Growth as a musician requires a practical approach, which can include the use of programs and apps to help organize and incentivize deliberate practice sessions. Read the post.
Strategies that involve focused listening and practice are key to learning new material quickly, and looking closely at song structure can lessen the amount of time it takes you to get from first listen to a strong, quality performance. Read the post.
If you’re in a situation where you have to learn lots of new music in a very short time, these tips can help you develop a strategy so you can tackle the task and perform with confidence. Read the post.
If your music practice routine has plateaued, it’s time to challenge yourself and try something new. We’ve got tips to get you out of your creative rut. Read More.
Whatever your style of music or size of your ensemble, there’s a lot I learned watching the Jazz at Lincoln Center Orchestra that you can apply to your next band rehearsal. Read More.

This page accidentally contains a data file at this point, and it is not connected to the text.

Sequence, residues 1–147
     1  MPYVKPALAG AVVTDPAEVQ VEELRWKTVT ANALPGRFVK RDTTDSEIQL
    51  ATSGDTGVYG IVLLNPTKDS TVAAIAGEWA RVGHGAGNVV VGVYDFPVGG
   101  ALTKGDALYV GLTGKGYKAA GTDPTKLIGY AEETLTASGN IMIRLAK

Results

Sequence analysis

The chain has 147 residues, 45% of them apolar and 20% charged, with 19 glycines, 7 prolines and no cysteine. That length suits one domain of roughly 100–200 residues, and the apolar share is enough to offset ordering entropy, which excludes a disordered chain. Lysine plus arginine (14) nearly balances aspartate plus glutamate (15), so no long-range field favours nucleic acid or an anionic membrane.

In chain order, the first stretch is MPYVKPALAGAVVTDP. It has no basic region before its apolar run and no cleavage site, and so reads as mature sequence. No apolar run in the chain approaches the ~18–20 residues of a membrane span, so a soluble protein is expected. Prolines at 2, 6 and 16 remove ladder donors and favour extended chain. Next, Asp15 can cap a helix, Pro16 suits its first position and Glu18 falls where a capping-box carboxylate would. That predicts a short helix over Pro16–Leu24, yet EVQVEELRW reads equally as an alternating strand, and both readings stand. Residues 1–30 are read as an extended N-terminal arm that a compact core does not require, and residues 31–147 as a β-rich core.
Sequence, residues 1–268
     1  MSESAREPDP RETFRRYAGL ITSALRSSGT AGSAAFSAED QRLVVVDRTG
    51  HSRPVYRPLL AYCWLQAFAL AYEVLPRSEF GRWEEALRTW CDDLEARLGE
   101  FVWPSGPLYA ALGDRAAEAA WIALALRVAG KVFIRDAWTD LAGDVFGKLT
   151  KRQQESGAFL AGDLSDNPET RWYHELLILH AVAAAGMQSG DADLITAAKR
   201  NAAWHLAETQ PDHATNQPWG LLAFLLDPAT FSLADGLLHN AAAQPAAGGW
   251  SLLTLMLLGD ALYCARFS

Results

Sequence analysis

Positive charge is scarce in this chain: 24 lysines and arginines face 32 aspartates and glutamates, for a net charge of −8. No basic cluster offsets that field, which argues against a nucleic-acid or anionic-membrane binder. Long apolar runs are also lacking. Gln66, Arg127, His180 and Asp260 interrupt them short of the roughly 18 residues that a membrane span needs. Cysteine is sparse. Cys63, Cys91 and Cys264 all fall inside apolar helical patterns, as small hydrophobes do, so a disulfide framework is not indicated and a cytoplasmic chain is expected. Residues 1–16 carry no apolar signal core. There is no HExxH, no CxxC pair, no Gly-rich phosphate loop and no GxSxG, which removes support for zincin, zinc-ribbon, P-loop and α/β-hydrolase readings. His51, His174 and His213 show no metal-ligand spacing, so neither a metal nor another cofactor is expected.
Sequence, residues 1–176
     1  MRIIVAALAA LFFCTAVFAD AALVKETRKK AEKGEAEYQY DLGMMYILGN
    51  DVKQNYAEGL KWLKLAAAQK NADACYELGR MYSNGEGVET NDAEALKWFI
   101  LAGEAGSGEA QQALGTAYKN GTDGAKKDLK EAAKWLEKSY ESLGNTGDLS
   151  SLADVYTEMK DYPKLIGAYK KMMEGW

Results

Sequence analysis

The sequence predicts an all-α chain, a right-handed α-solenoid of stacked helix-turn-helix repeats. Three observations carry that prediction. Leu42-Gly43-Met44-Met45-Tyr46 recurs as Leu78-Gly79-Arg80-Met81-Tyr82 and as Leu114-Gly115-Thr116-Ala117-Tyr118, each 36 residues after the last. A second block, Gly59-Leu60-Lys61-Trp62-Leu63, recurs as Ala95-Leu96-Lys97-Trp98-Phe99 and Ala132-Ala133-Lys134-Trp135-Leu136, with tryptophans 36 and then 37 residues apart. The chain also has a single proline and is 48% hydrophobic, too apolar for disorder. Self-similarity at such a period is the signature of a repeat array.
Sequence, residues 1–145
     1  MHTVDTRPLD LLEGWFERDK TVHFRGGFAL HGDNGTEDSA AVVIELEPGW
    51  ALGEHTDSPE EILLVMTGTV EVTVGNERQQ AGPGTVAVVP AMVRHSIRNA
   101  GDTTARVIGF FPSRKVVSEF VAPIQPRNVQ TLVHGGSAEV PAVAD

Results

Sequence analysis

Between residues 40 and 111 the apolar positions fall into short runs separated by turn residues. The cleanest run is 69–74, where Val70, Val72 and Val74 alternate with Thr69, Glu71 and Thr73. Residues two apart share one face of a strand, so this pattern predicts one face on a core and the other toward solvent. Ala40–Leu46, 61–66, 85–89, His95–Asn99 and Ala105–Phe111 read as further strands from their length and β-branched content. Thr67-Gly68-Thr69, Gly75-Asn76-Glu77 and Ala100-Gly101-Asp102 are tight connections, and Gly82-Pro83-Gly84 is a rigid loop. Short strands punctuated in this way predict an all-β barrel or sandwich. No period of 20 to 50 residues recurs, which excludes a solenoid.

When people come to me for band practice tips, one of the questions I get asked a lot is, “What’s too much rehearsal? We want to keep it spontaneous.” Well, spontaneous is one thing, and winging it is another. And most people wing it. When you’re making it up as you go onstage, instead of in rehearsal, you’ll never be great, consistently. Read more.
Becoming a great musician isn’t easy, but avoiding these mistakes will increase your odds for success. Follow this advice and you’ll improve as a musician. First, as Malcolm Gladwell eloquently states in his book The Outliers, anyone wanting to be good at their craft must put in their 10,000 hours of practice. Read more.
Most bands, when they rehearse, even for a big show, will rehearse for a couple of days, run through the songs to make sure they’re “tight,” work out the musical parts, and then go out onstage and hope something good will happen. They have no idea what they’re trying to accomplish. Read more.